Burt Ward, who played Robin in the TV series "Batman," speaks at the Chicago Comic & Entertainment Expo in 2013.

Burt Ward, who played Robin in the TV series "Batman," speaks at the Chicago Comic & Entertainment Expo in 2013.

Barry Brecheisen/Barry Brecheisen/Invision/AP

Today is the 50th anniversary of Burt Ward's world being turned upside down -- in a good way. 

On Jan. 12, 1966, Batman, the TV series, premiered on ABC. And Ward, Adam West and the rest of the cast, became forever linked with a social and cultural phenomena. 

Holy gold anniversary! 

Ward, who was known at the time by his real name of Bert John Gervis Jr., debuted as Robin, Batman's enthusiastic crimefighting sidekick. The show aired twice a week, on Wednesdays and Thursdays, and ran through March 1968. 

"I did a lot of punching in 120 episodes," Ward said by phone. 

Actors Adam West, left, and Burt Ward at an appearance in 1989.

Actors Adam West, left, and Burt Ward at an appearance in 1989.

Mark Elias/AP

These days, Ward is now owner of Gentle Giants Animal Rescue and Adoptions, a nonprofit based on the estate of Ward and his wife, Tracy Posner, in Riverside County, California. Since 1994, Gentle Giants had rescued more than 15,400 giant breed dogs, such as Great Danes, and some smaller breed dogs. 

Ward is as enthusiastic as Robin when it comes to describing the nonprofit's work in helping prolong the lives of animals in need. Ward has been training dogs since he was a teenager, having trained two attack dobermans because of "security issues" when he was living in LA.

For all his philanthropy, it all comes back to what made Ward, now 70, such a cultural icon.

Today, he's fielding calls about the 50th anniversary and making plans for a national tour in April. For the next four or five days, he'll be signing about 12,000 autographs for shows and collectors. 

In May, he joined West in Dallas for the Fan Expo Dallas. The appearance drew a big crowd, but Dallas stands out to Ward for another reason: the weather. 

"The last six months, I've been caught twice with bad weather in Dallas," he said. "It was so bad, I had to sleep at the airport. 

"The Boy Wonder had to sleep on the floor! Twice!" 

Ward took time to rest his autograph hand to answer a few questions about the show that made him famous. 

GuideLive: What were your thoughts when you saw your first episode of Robin?

Ward: "I remember the opening night of the show, on a Wednesday. When you film a show, you don't really see a picture. You're seeing little pieces, 30-second pieces, maybe a 1-minute piece. When I turned it on, I really didn't know what to expect. Then I saw the graphics and heard the music, and the POWs and ZAPs. I'll never forget saying 'that's really good. That's really good.' We got a 55 share that night, which I understand to mean 55 percent of all the televisions in North America had our show on."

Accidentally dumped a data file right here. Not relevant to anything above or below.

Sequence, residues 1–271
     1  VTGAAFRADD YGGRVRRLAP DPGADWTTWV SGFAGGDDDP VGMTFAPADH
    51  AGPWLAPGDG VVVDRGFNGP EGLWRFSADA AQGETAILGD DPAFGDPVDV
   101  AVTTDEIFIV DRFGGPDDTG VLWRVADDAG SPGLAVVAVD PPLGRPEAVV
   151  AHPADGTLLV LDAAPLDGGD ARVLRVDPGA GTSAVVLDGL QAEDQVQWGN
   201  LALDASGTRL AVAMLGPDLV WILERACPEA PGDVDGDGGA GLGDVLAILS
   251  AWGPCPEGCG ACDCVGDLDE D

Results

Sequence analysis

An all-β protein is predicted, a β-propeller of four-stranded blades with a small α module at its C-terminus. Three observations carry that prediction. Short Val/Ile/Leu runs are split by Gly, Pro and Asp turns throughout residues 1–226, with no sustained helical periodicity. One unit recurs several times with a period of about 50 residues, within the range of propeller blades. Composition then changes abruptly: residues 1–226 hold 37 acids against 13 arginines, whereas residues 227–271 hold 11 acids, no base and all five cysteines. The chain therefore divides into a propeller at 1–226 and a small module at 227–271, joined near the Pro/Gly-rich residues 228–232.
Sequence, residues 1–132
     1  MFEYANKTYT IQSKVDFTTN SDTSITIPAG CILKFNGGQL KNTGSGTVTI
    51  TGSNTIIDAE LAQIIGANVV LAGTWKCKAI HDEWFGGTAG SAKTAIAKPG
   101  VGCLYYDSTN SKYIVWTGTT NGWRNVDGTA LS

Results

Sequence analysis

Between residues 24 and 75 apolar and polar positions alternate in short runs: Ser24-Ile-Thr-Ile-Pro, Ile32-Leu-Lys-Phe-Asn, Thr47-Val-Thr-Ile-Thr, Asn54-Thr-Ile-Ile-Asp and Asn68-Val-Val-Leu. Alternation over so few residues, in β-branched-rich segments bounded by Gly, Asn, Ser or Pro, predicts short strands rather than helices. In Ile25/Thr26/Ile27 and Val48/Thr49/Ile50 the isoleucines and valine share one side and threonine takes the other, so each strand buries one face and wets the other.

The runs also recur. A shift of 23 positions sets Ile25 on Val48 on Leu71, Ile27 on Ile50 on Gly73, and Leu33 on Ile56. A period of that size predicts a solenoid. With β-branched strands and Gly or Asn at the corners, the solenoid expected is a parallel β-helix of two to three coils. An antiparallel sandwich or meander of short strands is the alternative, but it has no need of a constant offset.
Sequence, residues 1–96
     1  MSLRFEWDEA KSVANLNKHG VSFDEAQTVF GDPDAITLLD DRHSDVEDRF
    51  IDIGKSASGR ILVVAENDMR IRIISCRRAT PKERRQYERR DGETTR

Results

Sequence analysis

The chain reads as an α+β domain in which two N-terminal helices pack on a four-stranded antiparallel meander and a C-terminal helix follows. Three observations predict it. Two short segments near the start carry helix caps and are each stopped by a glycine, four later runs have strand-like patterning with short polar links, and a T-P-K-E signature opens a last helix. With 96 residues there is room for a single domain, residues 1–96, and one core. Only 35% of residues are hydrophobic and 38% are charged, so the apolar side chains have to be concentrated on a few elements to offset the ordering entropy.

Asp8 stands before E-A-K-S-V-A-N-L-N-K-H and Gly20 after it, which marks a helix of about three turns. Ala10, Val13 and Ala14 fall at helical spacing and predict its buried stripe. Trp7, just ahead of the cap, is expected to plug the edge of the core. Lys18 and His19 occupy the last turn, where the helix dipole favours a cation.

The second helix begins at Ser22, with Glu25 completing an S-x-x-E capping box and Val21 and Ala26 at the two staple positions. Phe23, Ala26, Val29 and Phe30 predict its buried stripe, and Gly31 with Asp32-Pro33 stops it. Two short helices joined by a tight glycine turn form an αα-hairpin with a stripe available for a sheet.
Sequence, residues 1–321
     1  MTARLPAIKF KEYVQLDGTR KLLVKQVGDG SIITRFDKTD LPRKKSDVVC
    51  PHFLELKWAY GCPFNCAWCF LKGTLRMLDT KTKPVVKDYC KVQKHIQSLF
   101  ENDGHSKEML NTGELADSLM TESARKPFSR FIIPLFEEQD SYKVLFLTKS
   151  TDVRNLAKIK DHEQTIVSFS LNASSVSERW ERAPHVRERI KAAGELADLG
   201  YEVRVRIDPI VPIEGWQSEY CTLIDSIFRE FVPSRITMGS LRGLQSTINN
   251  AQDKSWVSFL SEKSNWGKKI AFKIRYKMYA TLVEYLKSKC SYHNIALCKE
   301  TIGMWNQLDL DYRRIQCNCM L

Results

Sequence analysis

GuideLive: Did you attribute the success to Batman's popularity in comic books? 

Ward: "It wasn't a comic book that did it. It was the unique combination from one medium bringing life to another medium. And it was also the first show in television history where the actors actually put on the audience. Every other show in TV history was a police show or medical show. Batman was completely different. It was written very, very funny. Serious for the kids with all the fighting crime and justice. For adults, it was nostalgia of the comic books. The networks were getting college and high school kids who were getting the double meanings and double entendres. It was one-of-a-kind, and that's what made us so successful." 

GuideLive: Were you prepared for the public treating you as a social phenomenon? 

Ward: "You don't think about those things at the time. You're wondering how you're going to make a personal appearance by yourself. You find that when you arrive on a Saturday, the Wednesday before people have been camping out and blocking traffic. And they've handed out 310,000 raffle tickets. That's how big a crowd. [In Seattle], I had the University of Wisconsin football team, the first 11 guys on offense and defense, as my body guards." 

GuideLive: How do people react today? 

Ward: "Adam and I will go out and make appearances. And people still like to meet actors and actresses. Adam and I love meeting people. It was a tremendous show with tremendous audience. We sign autographs on our fans' favorite pieces of memorabilia, some over 50 years. We get lunch boxes that are completely rusted. Photographs of them in a costume and the photos are falling apart." 

GuideLive: One of the more iconic matchups for Robin was when he fought Green Hornet sidekick and counterpart, Kato, played by Bruce Lee. How'd that fight go? 

Ward: "Bruce Lee and I lived in the same complex together, and he and I used to spar together. We'd go down to Chinatown together. A lot of people don't know this, but that was Bruce Lee's first fight scene of his career. I got a couple of shots back at him."

GuideLive: What about the Warner Bros. animated movie project? You and West have roles, but Warner Bros. hasn't released details. 

Ward: "I can't talk about that project. But Adam and I would like to do another Batman movie for Warner Bros. that is live action with us recreating the roles as we are now, older. Imagine Batman going to the closet to get his costume and dust billows out. And there I'll be trying to pull up my leotards and struggling to get into them. Audiences would roar laughing!"

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